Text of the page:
A critical section of the notebook outlines the process of transforming the extracted information from PDFs into logical chunks. These chunks are then loaded into Facebook’s FAISS, an efficient library for similarity search and clustering of dense vectors. This process is key to enabling the RAG model to search and retrieve relevant information quickly and accurately.

Improved Retrieval with Contextualized Documents

The notebook further showcases how the retrieval process improves significantly once the PDF documents are integrated as part of the context. The LLM’s responses become more accurate and contextually relevant, demonstrating a clear understanding of the concepts related to the provided information.

Security, Instance Selection, and Engineering Considerations

Addressing concerns around “ChatGPT privacy” and “using enterprise data with ChatGPT,” the notebook includes essential considerations related to security for accessing the solution. It guides users in choosing the appropriate type of instance for deployment, and delves into data ingestion and prompt engineering strategies. These elements are crucial for refining the solution’s performance and ensuring its suitability for various business applications.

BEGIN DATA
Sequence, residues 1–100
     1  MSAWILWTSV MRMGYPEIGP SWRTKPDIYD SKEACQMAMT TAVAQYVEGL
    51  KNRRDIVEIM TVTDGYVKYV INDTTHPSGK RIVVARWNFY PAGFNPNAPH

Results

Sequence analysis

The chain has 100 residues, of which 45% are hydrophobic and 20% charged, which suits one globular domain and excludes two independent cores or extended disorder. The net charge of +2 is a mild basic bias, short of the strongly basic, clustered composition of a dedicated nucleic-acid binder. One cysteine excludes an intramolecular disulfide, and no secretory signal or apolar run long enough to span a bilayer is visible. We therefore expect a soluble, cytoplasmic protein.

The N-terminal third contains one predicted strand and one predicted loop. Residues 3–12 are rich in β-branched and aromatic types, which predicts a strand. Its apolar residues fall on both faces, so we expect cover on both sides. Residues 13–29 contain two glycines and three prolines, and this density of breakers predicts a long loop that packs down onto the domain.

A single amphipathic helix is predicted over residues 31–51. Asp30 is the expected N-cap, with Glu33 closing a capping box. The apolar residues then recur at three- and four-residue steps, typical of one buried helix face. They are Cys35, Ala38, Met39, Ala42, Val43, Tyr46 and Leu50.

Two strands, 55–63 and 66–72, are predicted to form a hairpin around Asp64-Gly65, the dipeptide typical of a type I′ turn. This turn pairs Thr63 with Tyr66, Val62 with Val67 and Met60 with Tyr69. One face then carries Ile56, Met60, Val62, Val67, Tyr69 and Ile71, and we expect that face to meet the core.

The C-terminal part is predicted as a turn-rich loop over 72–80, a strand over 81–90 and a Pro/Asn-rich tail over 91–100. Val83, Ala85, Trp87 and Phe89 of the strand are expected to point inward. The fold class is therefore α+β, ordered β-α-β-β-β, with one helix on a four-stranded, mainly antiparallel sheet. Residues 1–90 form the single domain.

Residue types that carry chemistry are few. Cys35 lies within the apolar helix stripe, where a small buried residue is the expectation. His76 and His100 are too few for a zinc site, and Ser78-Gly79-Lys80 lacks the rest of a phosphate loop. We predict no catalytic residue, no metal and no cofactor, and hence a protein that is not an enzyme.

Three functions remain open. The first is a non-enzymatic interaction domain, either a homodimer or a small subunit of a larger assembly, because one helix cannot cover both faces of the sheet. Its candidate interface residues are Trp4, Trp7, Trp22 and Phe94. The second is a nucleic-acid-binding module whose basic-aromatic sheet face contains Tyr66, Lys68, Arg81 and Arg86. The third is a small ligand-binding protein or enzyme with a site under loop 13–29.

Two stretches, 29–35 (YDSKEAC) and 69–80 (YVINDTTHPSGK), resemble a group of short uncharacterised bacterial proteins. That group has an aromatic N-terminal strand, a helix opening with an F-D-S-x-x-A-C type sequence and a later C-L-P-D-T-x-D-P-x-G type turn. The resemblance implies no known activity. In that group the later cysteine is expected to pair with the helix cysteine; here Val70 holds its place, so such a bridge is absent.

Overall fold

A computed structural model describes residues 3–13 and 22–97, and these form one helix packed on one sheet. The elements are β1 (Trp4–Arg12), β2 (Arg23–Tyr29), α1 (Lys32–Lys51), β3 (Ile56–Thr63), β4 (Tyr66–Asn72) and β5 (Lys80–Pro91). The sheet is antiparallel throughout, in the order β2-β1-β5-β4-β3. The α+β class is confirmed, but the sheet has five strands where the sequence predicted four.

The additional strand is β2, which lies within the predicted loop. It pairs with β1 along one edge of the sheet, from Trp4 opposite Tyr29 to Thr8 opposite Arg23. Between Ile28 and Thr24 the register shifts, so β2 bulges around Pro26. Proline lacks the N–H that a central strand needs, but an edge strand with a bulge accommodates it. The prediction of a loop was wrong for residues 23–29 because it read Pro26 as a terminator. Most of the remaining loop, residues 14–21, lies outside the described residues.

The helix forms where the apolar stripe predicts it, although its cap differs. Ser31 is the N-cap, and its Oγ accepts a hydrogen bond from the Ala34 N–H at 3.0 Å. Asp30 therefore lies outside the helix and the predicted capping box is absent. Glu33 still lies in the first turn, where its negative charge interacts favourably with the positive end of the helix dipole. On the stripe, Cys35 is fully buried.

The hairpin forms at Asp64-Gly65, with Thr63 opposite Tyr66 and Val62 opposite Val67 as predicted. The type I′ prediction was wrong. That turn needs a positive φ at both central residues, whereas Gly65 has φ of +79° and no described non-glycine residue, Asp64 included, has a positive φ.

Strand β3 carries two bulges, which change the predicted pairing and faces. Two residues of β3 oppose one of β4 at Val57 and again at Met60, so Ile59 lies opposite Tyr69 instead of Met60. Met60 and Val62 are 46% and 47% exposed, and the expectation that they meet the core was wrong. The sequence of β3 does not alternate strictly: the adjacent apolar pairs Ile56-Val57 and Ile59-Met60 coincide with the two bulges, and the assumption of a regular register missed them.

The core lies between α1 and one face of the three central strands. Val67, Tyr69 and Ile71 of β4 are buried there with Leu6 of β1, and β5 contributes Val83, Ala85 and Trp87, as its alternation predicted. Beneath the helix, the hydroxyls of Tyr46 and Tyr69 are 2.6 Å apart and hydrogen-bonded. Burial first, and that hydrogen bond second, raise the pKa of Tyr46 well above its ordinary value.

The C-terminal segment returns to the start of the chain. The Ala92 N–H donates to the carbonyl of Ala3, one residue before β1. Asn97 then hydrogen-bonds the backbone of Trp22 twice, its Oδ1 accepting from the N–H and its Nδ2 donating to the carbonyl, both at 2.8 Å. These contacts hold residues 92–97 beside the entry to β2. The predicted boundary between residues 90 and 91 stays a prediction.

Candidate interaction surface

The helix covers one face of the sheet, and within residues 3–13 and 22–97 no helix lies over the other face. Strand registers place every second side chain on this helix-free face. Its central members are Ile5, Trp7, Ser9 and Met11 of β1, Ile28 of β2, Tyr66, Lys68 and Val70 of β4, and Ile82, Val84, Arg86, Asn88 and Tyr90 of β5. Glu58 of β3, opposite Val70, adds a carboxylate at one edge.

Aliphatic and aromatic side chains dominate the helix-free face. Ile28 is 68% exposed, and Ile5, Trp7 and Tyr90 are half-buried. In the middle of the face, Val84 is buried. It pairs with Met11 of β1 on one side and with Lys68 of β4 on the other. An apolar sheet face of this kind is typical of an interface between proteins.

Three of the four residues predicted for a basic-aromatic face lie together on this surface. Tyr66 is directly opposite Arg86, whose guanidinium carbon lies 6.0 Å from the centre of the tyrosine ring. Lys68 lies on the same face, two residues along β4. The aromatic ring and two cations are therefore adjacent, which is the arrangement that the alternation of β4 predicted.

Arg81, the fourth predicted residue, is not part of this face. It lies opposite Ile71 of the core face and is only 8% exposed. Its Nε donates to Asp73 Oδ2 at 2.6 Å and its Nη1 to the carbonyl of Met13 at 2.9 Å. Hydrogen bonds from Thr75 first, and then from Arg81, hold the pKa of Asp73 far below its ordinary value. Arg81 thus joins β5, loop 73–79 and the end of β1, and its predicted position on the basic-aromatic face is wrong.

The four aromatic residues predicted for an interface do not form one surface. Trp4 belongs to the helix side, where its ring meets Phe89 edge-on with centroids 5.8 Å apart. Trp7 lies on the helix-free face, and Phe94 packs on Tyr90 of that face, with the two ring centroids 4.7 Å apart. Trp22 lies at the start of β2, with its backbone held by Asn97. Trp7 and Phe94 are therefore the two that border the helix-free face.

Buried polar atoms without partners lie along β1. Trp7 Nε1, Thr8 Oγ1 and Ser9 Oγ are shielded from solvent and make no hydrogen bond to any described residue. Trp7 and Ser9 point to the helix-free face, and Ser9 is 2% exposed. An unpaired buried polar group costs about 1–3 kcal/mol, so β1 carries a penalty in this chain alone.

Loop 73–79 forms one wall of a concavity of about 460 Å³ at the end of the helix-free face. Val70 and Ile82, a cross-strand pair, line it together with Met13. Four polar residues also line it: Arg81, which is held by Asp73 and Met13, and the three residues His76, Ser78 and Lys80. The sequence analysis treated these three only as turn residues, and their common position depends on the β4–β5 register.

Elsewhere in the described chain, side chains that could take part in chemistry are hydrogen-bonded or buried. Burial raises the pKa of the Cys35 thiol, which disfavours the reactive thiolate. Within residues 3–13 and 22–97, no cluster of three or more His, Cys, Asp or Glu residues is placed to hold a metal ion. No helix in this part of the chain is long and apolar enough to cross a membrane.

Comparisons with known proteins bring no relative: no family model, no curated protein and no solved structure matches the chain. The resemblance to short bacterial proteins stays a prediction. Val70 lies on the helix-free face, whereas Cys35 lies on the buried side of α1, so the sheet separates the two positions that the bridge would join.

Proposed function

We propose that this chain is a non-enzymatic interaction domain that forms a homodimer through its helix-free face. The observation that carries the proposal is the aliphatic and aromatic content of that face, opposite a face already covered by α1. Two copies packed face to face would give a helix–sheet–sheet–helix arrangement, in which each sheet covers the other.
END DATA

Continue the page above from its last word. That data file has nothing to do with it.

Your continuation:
As we wrap up our exploration of creating a Retrieval-Augmented Generation (RAG) model as a ChatGPT alternative, it’s clear that the journey toward innovative AI solutions is both exciting and complex. This endeavor goes beyond just technology; it’s about forging a path that respects privacy, harnesses data responsibly, and aligns with specific business needs.

In this context, Origo stands as a crucial partner for businesses venturing into the world of AI. Our expertise in data engineering and ingestion, coupled with our ability to tailor Open Source Large Language Models to specific requirements, positions us uniquely to help businesses navigate these waters. Moreover, our focus on prompt engineering ensures that the responses generated by these models are not only accurate but also contextually relevant and aligned with your business objectives.

We invite you to collaborate with Origo as you embark on this journey. Whether it’s refining data processes, selecting the right AI models, or optimizing interactions for the best outcomes, we’re here to guide and assist. Together, we can unlock the true potential of AI in a way that’s ethical, efficient, and perfectly suited to your business needs.

Join us at Origo, and let’s shape the future of AI together.

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Please note that the original author of the Jupyter Notebook discussed in this blog post is Julien Simon, who is affiliated with Hugging Face. This Notebook and its methodologies were extensively referred to in his YouTube video, which can be viewed here. The video serves as an excellent resource for those interested in delving deeper into the creation of RAG models for Open Source Large Language Models. The contents of this blog post are based on the insights and framework provided by Julien Simon’s work, adapted and expanded upon for the specific context of building a ChatGPT alternative with a focus on privacy and enterprise data utilization.